Ava DuVernay is never short on advice to Hollywood hopefuls, and during the 2015 BlogHer annual conference in New York City on Friday, the Selma director was blunt about how to get ahead in Hollywood.
“You gotta follow the white guys. Truly. They’ve got this thing wired,” DuVernay advised. “Too often, we live within their games, so why would you not study what works? Take away the bad stuff—because there’s a lot—and use the savvy interesting stuff and figure out how they can apply. It’s a good one for the ladies.”
DuVernay continued, telling attendees that as women, they need to stop asking permission and go after what they want.
“Women have been trained in our culture and society to ask for what we want instead of taking what we want. We’ve been really indoctrinated with this culture of permission. I think it’s true for women, and I think it’s true for people of color. It’s historic, and it’s unfortunate and has somehow become part of our DNA. But that time has passed,” DuVernay stated.
DuVernay also opened up about rumors circulating that she was directing Marvel’s Black Panther film, which she debunked during July’s Essence Festival.
“It was really an enlightened day in terms of the quality of journalism. For me, it was a process of trying to figure out, ‘Are these people I want to go to bed with?’ Because it’s really a marriage, and for this, it would be three years. It’d be three years of not doing other things that are important to me. So it was a question of, ‘Is this important enough for me to do?’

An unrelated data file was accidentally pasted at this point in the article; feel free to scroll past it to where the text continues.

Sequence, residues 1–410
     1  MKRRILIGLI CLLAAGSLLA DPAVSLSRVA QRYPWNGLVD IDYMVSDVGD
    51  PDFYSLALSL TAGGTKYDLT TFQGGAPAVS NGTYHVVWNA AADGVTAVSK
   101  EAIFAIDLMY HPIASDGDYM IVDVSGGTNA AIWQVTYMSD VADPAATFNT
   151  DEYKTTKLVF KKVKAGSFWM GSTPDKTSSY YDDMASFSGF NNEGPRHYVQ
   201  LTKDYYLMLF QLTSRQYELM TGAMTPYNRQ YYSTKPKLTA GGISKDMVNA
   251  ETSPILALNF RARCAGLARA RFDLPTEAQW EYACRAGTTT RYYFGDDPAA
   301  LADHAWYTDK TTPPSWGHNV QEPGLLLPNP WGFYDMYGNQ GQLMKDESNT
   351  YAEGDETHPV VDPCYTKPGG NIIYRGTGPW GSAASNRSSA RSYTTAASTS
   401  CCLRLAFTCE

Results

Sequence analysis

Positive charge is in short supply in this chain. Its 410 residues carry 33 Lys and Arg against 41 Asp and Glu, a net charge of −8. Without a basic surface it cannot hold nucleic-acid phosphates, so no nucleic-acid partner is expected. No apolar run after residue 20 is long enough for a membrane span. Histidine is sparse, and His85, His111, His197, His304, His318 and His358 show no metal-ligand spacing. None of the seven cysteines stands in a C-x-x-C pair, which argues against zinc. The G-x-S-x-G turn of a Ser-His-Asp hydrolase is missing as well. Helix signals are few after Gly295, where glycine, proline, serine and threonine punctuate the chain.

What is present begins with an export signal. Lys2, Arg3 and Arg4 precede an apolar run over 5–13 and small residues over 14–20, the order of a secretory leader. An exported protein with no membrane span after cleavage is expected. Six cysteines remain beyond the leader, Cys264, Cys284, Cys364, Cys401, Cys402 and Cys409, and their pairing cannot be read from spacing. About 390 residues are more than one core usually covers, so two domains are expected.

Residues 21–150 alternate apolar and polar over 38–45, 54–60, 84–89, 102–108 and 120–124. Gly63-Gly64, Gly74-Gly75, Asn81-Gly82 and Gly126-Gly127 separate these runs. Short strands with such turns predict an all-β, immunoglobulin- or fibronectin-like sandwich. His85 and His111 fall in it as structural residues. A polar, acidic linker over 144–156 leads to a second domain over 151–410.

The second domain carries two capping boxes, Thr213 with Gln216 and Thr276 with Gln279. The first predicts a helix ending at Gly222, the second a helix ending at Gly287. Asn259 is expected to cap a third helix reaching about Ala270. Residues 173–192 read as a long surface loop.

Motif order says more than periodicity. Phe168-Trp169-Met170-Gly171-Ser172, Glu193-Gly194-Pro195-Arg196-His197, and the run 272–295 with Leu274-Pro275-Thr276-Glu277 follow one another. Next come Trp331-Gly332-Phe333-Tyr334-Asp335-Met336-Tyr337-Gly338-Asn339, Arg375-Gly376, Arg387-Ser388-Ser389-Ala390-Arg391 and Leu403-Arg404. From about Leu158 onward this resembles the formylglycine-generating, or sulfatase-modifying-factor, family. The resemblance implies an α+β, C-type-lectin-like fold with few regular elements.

“At one point, the answer was yes, because I thought there was value in putting that kind of imagery into the culture in a worldwide, huge way, in a certain way: excitement, action, fun, all those things, and yet still be focused on a black man as a hero—that would be pretty revolutionary,” she continued. “These Marvel films go everywhere, from Shanghai to Uganda, and nothing that I probably will make will reach that many people, so I found value in that. That’s how the conversations continued, because that’s what I was interested in. But everyone’s interested in different things.
“What my name is on means something to me—these are my children,” she said of her body of work. “This is my art. This is what will live on after I’m gone. So it’s important to me that that be true to who I was in this moment. And if there’s too much compromise, it really wasn’t going to be an Ava DuVernay film.”
DuVernay definitely will have her hands full during the upcoming TV season. She has her OWN series, Queen Sugar, and her CBS civil rights crime-drama pilot, For Justice, both airing in the fall.